Finally, although I understand the need for management tools, putting muzzleloader season in the middle of bow season is a very bad idea. Rifles and guys in trees wearing camo do not mix well. We don’t need another “opening day†in the woods to kick the deer into hiding. I know that everyone I speak to would like to harvest an extra doe for themselves or one of their co-workers. It’s not that they don’t have the tags. It’s not that they don’t have the time. They just don’t have the opportunity. For whatever reasons (I favor a lack of access and the prevalence of leasing), the guys I know either harvest all the doe that they want if they’re lucky enough to have spots or they simply don’t see deer (generally if they’re limited in where they can hunt and they burn that spot). Muzzleloader season during bow might change when the deer are harvested, but I sincerely feel that it won’t change overall harvest numbers. Finally, even if this regulation should come to pass, there will be no muzzleloader hunting on my land. We enjoy bow too much and we spend too much money in taxes to have our passion ruined in this way.

Edited by Gator
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Here is what I sent:


Thank you for the opportunity to comment in regards to deer hunting regulation changes.  As a life long outdoorsman I am VERY concerned about the LACK OF DEER sightings in my area (7H) this past season.  The winter kill from the previous season was severe in my area.  I hunt on approximately 140 acres, and last March I found 12 dead deer.  They were not all fawns. There were adult does and bucks as well.  I am not a biologist, but that is a serious impact on that small of an area.  Going by the Winter Severity Index used by the DEC, the later portion of last winter(feb-march)  in my area was extreme to say the least.

    I have attended both deer population management meetings hosted by Cornell (1/20, 1/27) within the new Aggregate pilot area. While I can appreciate peoples concerns about deer "over population" in urban/suburban areas that is simply not the case in the rural community in which I live. To make general recommendations that effect both suburban and rural areas equally when in fact they have very different concerns seems counterproductive.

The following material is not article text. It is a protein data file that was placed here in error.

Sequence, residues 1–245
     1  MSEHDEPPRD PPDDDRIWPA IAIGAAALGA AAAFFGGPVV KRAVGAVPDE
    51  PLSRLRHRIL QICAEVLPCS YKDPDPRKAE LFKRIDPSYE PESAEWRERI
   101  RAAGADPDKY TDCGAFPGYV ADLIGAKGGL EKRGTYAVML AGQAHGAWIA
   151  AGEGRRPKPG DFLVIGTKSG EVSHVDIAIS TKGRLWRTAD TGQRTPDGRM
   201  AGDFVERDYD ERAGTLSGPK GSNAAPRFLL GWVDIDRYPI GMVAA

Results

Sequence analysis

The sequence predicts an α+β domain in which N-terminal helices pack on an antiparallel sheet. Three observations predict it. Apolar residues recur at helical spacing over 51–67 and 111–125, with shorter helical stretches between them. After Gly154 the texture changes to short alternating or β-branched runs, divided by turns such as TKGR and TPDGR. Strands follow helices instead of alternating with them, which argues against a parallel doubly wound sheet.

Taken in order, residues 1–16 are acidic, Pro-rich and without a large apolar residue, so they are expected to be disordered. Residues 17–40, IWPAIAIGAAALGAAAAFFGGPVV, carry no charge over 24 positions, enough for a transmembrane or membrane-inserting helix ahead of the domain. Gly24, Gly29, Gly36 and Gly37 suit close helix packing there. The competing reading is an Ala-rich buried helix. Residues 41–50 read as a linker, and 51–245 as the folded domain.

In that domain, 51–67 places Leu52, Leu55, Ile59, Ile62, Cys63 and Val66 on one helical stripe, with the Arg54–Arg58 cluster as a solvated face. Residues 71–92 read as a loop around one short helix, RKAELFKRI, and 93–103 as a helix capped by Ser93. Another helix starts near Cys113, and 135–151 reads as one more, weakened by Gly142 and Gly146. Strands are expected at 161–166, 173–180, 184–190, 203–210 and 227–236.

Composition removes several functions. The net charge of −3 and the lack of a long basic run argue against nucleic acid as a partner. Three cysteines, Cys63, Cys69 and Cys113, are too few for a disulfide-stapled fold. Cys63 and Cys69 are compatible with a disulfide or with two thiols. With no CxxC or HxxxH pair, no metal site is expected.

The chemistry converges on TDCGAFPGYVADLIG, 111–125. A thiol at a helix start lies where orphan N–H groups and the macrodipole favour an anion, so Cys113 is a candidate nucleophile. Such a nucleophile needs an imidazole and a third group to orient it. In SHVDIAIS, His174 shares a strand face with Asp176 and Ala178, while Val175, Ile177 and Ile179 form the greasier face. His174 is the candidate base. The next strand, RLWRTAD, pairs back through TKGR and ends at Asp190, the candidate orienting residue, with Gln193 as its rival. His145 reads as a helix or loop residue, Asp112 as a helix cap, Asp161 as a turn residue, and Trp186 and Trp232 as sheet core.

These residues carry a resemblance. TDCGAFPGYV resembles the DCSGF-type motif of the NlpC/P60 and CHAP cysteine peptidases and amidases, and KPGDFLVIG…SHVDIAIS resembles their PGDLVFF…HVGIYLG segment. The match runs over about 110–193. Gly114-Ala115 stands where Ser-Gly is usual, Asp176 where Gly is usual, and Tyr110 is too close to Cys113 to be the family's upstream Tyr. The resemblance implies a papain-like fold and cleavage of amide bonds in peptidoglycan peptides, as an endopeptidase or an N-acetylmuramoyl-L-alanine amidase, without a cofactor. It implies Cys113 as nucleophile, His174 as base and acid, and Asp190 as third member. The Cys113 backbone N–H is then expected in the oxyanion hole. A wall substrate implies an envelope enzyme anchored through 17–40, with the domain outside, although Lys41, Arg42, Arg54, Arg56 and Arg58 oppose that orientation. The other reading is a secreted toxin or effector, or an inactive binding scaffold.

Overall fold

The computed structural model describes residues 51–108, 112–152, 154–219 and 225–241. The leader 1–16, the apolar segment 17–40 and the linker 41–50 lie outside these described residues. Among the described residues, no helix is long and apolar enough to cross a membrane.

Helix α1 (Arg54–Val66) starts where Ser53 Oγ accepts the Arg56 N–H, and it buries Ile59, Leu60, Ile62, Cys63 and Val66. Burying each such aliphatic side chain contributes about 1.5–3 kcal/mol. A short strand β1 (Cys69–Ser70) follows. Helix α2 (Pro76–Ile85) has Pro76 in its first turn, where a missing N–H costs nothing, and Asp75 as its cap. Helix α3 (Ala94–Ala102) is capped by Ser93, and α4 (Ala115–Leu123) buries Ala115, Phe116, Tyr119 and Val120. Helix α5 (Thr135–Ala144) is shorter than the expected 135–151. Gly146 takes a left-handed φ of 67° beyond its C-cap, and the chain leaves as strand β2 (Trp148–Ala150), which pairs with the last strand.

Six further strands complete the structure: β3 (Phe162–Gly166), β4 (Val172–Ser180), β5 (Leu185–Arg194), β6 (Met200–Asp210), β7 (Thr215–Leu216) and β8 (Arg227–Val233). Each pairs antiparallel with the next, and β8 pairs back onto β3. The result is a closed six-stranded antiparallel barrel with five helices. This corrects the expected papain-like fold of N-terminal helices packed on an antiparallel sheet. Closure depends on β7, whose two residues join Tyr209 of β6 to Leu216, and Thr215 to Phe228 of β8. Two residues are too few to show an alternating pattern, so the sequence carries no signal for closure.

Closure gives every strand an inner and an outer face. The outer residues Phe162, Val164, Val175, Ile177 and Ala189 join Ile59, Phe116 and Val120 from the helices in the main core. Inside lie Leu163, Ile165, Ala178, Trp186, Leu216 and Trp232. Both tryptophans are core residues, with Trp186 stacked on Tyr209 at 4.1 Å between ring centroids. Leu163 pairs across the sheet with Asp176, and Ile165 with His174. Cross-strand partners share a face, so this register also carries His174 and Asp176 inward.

During the first meeting on 1/20 I asked this question:  If the goal is to manage the population on a more local level, to have a beneficial impact for both the residents and the wildlife, how is the development of these aggregates going to help? In point of fact, I would think it would be counter productive due to the larger area covered within each aggregate.  We were told that the aggregates were formed to make the gathering of data easier.  This seems to be a solution installed to make administrative tasks easier, and will not necessarily make management strategies on a "local" level easier to implement. 

    If there is a restructuring of WMU/Aggregates coming in the future would it not make more sense to define the boundaries based on habitat similarities and human/wildlife densities?  Meaning, could you build the aggregates surrounding urban/suburban areas to have a population goal that would specifically target that type of habitat?  Then in turn, build the aggregates for rural/farm habitat separately?  This way would make it possible to try and benefit all stakeholders within each target area.  For example, the pilot aggregate contains many square miles of agricultural land as well as Ithaca and its suburbs, I would think the population goals for these 2 opposing habitats would be very different from one another.  By grouping them together it will almost guarantee that the stakeholders in one habitat type may benefit from regulation changes at the expense of the other.